One of the reasons I really struggled with the question earlier in my life stemmed from the fact that I didn’t really identify with any area or group of people. Today it’s the same, but I now understand the reason why. I am a follower of Christ, I belong to Him. I identify with Jesus. Spending time with Him is when I feel most at peace, when I feel at home.
Lately I can’t turn on the television or radio, much less pick up a newspaper, without being bombarded with the latest political argument of what it means to be an American. I hear arguments from both Christian and non-Christian friends, both trying to win me over to their point of view. I feel wonderfully disconnected, if not somewhat frustrated, from all the fuss. You see, I’m not from America. Sure, my birth certificate will tell you I was born on United States territory, but that is simply geography. I am extremely thankful to have been born in a country that has allowed me to express my opinion freely, and a country that has let me pursue a way of life of my own choosing. But make no mistake, I pledge my allegiance to the Creator God and to His Son who sacrificed His life for me. I do not pledge allegiance to a colorful rag, but rather to the blood stained robes of my Lord and Savior. I do not love any particular area of dirt, but will bow on any piece of land before my God.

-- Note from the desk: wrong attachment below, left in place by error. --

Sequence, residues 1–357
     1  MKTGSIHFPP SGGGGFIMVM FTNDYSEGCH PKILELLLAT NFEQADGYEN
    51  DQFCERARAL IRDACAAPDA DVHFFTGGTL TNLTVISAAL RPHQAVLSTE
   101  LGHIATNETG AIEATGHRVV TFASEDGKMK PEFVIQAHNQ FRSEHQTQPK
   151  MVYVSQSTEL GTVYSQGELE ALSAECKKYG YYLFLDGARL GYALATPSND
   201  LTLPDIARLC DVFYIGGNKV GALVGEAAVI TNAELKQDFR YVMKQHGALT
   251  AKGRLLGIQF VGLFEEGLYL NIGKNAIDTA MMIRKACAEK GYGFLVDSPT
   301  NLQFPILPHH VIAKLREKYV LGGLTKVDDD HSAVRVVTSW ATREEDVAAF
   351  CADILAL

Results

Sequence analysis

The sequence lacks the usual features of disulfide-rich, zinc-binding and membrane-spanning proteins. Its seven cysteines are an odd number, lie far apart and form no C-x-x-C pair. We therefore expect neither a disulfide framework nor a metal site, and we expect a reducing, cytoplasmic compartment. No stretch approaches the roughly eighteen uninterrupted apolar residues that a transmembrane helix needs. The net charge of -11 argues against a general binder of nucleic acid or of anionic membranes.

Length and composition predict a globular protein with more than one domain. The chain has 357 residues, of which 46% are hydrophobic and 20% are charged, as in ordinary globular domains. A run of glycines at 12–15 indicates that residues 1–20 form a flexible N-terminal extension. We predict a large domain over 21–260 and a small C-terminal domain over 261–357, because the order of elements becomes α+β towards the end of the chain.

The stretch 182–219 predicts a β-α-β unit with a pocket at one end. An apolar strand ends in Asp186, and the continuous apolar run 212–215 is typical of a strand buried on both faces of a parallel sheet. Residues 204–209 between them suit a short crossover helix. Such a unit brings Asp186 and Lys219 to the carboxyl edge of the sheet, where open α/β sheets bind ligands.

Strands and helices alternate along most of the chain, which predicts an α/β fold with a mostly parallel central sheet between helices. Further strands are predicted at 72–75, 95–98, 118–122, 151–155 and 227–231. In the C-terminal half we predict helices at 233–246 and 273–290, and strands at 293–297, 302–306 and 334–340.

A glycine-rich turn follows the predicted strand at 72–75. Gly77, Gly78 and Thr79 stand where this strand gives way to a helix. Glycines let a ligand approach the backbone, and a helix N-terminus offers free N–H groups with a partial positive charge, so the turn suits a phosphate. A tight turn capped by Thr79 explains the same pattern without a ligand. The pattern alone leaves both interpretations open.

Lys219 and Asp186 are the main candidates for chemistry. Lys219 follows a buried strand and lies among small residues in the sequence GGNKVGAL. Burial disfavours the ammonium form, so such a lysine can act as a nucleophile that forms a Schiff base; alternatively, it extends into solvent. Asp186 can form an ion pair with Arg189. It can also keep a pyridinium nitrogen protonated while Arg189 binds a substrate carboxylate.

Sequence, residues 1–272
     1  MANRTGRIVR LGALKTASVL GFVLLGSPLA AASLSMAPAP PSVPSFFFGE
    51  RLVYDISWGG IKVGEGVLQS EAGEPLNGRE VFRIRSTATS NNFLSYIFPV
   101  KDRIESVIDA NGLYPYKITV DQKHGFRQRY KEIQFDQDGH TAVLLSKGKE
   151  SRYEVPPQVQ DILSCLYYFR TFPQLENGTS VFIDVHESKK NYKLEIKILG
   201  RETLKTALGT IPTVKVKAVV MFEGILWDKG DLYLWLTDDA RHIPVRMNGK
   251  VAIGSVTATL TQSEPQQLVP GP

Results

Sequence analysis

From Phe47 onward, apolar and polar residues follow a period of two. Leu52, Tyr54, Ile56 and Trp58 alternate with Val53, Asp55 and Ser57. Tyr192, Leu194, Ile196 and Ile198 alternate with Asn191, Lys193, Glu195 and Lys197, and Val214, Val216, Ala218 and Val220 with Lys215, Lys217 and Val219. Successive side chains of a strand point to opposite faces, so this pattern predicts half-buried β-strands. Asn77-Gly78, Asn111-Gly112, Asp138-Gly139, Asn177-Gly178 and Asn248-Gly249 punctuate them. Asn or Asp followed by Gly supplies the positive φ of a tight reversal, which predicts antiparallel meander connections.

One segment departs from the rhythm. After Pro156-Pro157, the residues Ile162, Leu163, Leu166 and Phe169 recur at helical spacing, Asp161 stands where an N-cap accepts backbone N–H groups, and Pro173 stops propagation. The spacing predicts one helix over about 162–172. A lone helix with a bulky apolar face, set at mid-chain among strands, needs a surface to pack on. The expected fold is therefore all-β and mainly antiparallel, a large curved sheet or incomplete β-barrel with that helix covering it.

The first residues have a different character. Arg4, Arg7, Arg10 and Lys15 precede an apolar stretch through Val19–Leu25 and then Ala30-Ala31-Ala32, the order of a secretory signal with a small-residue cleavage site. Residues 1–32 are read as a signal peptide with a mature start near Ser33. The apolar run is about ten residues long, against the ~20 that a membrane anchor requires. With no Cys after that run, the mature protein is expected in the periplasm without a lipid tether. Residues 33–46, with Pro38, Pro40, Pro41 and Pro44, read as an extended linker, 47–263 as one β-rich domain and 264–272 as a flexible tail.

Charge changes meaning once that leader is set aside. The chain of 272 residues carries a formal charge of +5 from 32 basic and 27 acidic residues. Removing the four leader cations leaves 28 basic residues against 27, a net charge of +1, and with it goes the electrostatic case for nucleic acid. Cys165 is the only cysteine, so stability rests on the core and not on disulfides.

If you ask me where I’m from, I will proudly and unashamedly tell you that I am part of the Kingdom of God. This is where I place my allegiance. How about you? Where are you from? With whom do you identify? The Bible makes it clear that we cannot serve two masters. We can’t serve “God and country”, because our country will most assuredly come into conflict with God. Whom then will you choose? Do you boast in your country of origin or in your true place of origin? God created you with specific talents and abilities, intended for use according to His purpose. All that we have and all that we are originated with God. We are from Him, not any plot of soil. Do you show God the same allegiance you do to your country? If not, it’s time to choose this day whom you will serve.